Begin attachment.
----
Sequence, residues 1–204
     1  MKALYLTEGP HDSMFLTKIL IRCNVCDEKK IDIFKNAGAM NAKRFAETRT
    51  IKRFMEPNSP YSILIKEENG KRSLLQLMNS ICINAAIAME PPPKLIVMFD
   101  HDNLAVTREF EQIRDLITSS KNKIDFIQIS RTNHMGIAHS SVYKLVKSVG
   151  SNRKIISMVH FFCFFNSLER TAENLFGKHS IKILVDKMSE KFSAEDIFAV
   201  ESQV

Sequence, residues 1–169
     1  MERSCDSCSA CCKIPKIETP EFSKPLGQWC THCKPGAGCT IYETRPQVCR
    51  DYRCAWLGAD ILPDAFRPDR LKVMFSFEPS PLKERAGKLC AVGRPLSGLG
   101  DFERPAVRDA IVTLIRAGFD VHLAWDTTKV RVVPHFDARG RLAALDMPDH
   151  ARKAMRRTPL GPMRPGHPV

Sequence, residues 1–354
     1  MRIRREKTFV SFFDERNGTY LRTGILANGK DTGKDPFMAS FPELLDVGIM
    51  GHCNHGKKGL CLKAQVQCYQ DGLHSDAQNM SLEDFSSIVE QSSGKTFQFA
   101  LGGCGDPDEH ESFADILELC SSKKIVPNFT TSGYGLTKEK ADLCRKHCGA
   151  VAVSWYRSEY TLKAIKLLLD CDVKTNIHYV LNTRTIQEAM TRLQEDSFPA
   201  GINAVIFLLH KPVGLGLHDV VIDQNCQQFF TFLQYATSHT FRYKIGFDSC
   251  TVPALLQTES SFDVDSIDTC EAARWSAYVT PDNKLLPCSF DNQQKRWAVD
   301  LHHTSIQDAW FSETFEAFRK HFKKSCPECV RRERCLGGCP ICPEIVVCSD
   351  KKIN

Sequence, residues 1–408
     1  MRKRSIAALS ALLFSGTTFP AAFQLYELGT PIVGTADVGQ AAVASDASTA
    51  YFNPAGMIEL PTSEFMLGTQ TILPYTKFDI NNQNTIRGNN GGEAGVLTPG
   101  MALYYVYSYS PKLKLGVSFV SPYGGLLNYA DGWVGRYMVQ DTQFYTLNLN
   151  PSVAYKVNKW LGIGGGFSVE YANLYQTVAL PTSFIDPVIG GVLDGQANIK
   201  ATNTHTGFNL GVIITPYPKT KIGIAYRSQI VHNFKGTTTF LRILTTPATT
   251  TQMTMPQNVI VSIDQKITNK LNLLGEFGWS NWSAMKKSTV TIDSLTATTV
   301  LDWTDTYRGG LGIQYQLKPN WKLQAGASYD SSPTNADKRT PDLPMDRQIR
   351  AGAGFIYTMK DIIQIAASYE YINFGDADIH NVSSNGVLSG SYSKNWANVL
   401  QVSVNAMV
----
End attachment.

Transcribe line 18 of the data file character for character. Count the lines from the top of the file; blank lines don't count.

   251  TVPALLQTES SFDVDSIDTC EAARWSAYVT PDNKLLPCSF DNQQKRWAVD